Year of Publication: 1962
The premise: A hoodlum hoodlums too hard. The state tries to reform him through aversion therapy.
My experience: I first attempted this book ca. 2005 and abandoned it before chapter 2. The narration, thick with made-up teen slang with Russian provenance, proved impenetrable, and when I WAS able to discern what was happening I was traumatized. So I put it off and put it off until I only had 3 books left to go and it was the next one available at the library. This time I got smarter and read it with a glossary in hand.
I still spent the first third saying to myself, literally, out loud, “I HAAAAATE THIS.” I felt genuinely sorry for the poor people being victimized by My Humble Narrator; I found the violence really disturbing and just wanted it to end. I mean, one rape per book is plenty.
But then there’s the rest of the story, where My Humble Narrator gets hauled off to prison and undergoes brain washing and then gets released back into society. Then it starts asking big questions, the central of which is what does it mean to be good? Is it enough to *do* good? What if you wish to do harm but do good regardless? What if you do good because you cannot choose otherwise? And it touches on themes of compassion, forgiveness, and the like that I would love to just talk to pieces at a book club. Oh – and many of the atrocities of the first part turn out to be Chekhov guns,* and not merely horrible for horribility’s sake.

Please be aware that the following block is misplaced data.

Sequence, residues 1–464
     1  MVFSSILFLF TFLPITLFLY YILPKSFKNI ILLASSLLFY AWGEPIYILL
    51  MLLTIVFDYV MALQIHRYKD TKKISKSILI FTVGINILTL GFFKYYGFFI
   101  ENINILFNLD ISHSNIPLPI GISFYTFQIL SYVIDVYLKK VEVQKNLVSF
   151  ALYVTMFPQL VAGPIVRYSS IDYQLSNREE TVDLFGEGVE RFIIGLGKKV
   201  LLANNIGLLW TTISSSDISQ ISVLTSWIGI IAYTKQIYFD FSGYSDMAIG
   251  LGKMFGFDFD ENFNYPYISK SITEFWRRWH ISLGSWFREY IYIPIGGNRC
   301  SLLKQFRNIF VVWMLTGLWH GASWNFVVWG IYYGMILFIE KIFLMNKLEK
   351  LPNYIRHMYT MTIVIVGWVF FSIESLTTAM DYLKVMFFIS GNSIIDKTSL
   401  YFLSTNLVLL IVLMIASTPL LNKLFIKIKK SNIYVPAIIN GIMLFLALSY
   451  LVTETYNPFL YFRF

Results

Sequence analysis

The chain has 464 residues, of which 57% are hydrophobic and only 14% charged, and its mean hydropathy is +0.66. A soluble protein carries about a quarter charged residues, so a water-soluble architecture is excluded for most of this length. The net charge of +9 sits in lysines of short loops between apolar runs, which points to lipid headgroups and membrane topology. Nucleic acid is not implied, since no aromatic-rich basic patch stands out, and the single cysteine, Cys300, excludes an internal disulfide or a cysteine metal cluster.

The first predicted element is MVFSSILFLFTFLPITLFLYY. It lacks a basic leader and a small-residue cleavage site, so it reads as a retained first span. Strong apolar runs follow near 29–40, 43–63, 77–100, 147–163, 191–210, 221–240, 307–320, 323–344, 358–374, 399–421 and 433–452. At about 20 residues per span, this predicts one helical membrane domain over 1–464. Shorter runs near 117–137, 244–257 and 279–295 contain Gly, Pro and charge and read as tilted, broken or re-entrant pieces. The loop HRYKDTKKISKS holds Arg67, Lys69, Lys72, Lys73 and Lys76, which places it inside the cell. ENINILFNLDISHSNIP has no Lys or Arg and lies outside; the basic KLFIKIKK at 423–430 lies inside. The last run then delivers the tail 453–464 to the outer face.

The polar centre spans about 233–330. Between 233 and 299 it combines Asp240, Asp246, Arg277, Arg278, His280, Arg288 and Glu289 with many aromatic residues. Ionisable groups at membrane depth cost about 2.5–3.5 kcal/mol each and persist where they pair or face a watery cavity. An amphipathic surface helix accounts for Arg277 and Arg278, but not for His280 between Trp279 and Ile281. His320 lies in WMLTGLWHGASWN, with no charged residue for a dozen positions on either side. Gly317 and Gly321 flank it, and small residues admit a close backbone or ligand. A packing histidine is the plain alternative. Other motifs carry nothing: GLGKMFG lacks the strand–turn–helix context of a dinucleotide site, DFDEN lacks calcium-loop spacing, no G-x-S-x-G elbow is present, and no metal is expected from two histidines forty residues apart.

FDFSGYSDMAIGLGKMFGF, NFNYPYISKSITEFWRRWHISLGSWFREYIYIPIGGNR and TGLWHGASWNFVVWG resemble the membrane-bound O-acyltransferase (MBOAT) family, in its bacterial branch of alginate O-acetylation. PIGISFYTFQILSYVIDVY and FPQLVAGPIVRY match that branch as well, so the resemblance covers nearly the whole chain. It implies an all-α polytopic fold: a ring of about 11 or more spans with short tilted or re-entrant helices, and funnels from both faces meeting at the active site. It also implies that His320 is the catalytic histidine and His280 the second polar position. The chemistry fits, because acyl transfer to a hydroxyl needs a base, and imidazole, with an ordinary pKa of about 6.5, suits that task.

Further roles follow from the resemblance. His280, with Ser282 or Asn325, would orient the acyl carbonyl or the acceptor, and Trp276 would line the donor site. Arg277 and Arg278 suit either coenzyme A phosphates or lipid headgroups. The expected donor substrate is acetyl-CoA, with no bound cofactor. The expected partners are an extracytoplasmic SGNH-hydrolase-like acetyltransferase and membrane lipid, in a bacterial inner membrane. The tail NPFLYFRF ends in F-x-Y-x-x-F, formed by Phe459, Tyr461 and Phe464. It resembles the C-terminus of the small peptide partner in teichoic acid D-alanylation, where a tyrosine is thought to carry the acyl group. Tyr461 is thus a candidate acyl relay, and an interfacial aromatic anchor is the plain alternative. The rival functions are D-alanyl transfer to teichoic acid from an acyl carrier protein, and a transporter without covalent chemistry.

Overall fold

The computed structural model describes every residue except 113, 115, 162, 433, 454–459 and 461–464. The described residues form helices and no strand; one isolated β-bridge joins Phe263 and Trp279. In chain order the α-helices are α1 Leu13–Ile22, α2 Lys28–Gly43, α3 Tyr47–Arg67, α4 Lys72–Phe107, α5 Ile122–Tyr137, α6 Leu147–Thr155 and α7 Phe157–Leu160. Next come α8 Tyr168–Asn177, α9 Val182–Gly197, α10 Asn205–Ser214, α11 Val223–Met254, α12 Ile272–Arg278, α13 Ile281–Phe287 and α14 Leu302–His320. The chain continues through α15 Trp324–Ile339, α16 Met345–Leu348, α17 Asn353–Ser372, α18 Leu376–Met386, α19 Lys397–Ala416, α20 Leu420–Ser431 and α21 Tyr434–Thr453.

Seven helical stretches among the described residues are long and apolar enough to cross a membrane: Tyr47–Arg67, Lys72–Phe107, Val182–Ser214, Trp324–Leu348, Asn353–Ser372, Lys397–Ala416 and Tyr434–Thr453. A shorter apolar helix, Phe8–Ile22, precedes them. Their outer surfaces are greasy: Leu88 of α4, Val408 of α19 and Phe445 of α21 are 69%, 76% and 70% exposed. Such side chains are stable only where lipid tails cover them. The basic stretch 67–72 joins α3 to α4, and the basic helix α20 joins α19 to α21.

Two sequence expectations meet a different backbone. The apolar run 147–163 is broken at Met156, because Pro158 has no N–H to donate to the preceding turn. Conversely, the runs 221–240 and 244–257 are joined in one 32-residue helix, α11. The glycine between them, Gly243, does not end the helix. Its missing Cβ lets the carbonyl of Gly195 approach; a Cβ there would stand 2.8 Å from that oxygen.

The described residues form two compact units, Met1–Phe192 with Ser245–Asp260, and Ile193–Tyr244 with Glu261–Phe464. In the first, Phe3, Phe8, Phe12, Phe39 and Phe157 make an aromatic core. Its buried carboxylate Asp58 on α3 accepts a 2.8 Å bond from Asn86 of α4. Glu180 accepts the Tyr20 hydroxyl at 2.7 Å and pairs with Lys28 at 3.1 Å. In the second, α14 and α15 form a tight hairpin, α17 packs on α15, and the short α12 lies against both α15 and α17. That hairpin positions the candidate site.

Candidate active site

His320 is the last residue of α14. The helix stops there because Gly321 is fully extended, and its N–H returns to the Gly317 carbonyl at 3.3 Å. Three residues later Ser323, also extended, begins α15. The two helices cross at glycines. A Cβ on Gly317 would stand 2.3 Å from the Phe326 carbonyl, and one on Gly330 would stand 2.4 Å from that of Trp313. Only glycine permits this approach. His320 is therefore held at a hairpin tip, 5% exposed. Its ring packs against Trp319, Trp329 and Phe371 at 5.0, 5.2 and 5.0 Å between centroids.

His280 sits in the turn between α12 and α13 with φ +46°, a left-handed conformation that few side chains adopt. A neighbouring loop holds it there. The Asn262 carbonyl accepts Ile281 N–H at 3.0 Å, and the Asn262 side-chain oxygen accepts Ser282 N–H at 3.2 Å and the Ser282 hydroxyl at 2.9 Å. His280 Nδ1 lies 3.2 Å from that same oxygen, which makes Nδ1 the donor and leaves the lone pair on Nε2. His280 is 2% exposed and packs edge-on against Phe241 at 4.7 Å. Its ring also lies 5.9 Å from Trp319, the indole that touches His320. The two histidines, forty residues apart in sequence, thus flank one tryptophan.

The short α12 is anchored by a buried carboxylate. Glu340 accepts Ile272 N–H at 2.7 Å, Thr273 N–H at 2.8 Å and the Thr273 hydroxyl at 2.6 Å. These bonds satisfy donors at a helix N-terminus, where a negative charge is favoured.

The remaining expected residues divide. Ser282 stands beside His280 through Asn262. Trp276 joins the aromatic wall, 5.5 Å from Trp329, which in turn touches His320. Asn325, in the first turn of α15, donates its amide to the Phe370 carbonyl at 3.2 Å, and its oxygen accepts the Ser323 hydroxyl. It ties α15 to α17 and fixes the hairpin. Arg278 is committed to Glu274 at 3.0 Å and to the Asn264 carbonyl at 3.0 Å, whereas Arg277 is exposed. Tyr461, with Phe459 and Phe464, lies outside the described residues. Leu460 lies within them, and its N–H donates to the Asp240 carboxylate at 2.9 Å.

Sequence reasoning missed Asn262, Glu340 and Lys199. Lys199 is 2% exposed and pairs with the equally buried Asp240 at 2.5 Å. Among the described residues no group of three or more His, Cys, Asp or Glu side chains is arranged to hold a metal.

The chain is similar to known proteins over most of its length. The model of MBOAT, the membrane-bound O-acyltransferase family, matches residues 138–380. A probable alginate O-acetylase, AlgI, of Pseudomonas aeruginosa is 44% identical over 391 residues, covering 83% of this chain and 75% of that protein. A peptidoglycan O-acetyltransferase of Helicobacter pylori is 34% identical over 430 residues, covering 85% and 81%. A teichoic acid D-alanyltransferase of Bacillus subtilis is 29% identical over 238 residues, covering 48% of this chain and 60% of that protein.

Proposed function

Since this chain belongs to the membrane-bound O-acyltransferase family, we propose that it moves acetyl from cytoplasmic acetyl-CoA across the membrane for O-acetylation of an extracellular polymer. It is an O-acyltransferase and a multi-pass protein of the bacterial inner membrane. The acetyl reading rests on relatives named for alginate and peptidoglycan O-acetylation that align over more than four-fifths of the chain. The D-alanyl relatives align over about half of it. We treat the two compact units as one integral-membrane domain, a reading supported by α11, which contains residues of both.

So by the end I didn’t hate it. I actually–I can’t believe I’m saying this–really liked it. Not in the sense that I enjoyed it, no, it remains a difficult and challenging and frequently gross experience. But it absolutely belongs on the list.
Oh, and one other interesting note: it, like the Gospel of Mark, has a short ending and a long ending, both of which have been published as canonical at various times and places. The version I read had a textual note that told me where the longer ending began. And again, as with Mark, I think the shorter ending makes more sense, though the longer is happier.
Incidentally, I have not seen the movie. I don’t think I could handle it.
You would like this book if: You laugh in the face of trigger warnings
* The heck is the plural of ‘Chekhov’s gun’?